This is a freeform sculptural necklace made entirely of glass beads sewn together with thread, with a vintage button for a clasp.  There are several types of bead stitching being used, including two- and three-dimensional peyote stitch, netting, right angle weave, and Ndbele or herringbone weave. 

Featured in Bead Unique Magazine, Summer 2007, page 104 ,

beaded earrings Teresa Sullivan...

Teresa Sullivan

13" x 12"

This is an allegory necklace, to commemorate the encouragement Teresa has received from artists Joyce Scott and Paul Stankard.  Joyce and Paul are depicted in the earring set that accompanies the necklace.  They are both great examples of innovation and perseverance.  Wearing a pair of Joyce's "people" earrings led Teresa to realize that she could use beads to create graphic stories, and it was this which lured her into the world of seed bead expression. 


Teresa Sullivan necklace with figures ...Teresa Sullivan necklace with figures

Miami Rice
17" x 8" x 1"

"Miami Rice" is a Haitian nickname for the rice imported from the US. Once the biggest rice producer in the Caribbean, Haitian farmaers are unable to compete with this rice due to subsidies and low tariffs. When fuel prices soared in 2008, even the artifically low-priced rice went out of reach for many people, some of whom resorted to eating "mud pies", cookies made of dirt, salt and vegetable shortening.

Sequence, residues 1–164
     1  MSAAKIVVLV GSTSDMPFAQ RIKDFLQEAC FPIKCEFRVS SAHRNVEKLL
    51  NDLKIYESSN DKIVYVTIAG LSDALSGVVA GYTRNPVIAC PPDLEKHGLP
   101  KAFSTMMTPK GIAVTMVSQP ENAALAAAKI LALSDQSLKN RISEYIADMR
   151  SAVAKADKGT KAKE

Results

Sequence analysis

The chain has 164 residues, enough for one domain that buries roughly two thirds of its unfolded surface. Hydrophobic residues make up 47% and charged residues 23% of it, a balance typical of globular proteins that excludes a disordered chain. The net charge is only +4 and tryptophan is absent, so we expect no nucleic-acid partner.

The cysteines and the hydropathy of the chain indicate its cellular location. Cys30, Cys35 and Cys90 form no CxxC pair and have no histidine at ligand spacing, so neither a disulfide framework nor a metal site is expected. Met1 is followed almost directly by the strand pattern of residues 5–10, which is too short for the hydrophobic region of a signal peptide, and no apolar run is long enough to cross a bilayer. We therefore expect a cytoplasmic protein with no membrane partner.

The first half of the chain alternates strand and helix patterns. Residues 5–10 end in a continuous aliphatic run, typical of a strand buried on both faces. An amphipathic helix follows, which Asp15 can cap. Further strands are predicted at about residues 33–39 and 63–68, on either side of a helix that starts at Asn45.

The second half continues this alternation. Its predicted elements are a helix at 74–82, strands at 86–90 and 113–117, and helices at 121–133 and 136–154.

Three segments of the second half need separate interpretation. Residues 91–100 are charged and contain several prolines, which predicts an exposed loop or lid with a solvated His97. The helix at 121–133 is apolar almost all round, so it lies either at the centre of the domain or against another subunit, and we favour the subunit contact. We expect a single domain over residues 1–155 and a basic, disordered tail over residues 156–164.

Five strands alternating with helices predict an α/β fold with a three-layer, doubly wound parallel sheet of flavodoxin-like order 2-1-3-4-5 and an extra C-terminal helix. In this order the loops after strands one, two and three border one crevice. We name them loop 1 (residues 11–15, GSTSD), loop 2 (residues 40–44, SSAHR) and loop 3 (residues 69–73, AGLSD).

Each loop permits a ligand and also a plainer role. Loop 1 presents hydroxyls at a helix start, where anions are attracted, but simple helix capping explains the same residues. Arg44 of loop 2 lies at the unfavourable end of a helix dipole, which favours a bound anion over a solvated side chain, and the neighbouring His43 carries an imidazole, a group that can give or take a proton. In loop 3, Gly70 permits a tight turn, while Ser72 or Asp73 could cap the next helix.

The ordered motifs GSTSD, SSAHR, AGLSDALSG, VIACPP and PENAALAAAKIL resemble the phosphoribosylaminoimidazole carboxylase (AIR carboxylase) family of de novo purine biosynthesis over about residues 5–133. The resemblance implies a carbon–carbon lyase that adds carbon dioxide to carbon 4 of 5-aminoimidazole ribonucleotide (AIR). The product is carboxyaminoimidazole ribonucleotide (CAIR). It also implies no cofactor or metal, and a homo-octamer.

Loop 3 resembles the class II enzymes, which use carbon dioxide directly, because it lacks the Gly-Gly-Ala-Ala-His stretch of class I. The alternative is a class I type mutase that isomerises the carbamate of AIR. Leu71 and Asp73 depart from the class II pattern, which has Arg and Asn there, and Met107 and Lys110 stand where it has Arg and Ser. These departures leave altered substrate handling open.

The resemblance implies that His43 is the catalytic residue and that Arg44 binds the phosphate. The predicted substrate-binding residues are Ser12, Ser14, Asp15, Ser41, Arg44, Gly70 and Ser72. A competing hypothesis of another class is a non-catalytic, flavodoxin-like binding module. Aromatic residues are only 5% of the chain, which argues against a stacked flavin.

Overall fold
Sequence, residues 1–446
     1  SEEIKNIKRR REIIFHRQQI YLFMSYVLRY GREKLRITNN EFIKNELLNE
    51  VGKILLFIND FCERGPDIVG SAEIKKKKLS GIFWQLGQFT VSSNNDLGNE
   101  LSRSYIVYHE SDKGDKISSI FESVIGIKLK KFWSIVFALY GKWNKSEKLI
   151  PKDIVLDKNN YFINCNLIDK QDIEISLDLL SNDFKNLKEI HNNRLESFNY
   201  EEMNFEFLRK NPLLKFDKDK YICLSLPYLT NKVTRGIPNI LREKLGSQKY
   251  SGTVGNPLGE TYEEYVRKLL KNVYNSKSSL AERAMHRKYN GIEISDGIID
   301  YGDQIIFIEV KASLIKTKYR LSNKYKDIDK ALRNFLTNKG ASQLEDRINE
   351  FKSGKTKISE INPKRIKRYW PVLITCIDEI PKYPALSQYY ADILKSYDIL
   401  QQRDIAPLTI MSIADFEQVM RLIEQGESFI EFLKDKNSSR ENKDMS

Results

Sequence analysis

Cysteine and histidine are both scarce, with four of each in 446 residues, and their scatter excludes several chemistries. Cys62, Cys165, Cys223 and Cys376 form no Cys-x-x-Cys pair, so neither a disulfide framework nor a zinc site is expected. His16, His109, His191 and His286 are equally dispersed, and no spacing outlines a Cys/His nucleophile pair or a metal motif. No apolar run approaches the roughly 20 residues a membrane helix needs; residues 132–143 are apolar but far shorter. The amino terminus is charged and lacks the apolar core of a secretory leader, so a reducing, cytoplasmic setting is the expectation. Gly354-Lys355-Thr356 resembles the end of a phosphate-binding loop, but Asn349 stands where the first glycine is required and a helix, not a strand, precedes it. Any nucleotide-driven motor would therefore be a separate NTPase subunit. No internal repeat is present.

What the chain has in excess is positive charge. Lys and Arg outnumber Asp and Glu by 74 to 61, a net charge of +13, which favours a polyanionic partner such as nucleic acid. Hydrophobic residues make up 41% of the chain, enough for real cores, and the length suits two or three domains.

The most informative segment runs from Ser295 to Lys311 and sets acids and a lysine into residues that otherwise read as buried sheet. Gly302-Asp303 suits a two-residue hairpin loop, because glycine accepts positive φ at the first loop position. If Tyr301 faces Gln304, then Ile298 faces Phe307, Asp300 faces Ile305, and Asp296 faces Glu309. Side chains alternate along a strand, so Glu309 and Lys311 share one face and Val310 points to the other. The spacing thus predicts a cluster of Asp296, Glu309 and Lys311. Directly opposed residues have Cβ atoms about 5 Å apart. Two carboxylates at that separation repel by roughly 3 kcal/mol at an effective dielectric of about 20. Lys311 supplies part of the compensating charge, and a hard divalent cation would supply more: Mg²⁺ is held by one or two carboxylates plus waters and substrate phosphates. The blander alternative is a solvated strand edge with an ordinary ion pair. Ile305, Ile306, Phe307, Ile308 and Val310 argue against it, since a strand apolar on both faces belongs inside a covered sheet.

Wanted on Six Planets
13"h x 7"w x 1"

Sullivan loves pulp science fiction artwork and underground comics that depict bold women who get themselves in and get themselves out of trouble. This one was inspired by the Fall 1954 issue of Planet Stories magazine.  The cover depicts a similarly dressed woman, speeding away on a type of space-Vespa from monsters in similar machines.  All the Planet Stories covers I’ve seen feature strong females.  Many of the other pulps of the time were more likely to picture women being rescued. This Planet Stories woman sparks a connection to the later underground comics of the late 1960s.  She and S. Clay Wilson’s Checkered Demon, of Zap Comix fame, sport the checkered pants sans shirts; these two characters flaunt the restrictive Comics Code of the 1950s. Sullivan says, "I think of this figure as the Checkered Demon’s mom.  Both characters defy conventional morals while defending genuine rightness, and never lets fear get in the way".